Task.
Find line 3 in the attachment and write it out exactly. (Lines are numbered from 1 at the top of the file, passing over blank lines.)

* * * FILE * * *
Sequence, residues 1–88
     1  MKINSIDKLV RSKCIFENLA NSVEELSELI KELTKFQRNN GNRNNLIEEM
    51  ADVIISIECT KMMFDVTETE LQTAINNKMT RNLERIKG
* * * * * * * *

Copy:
    51  ADVIISIECT KMMFDVTETE LQTAINNKMT RNLERIKG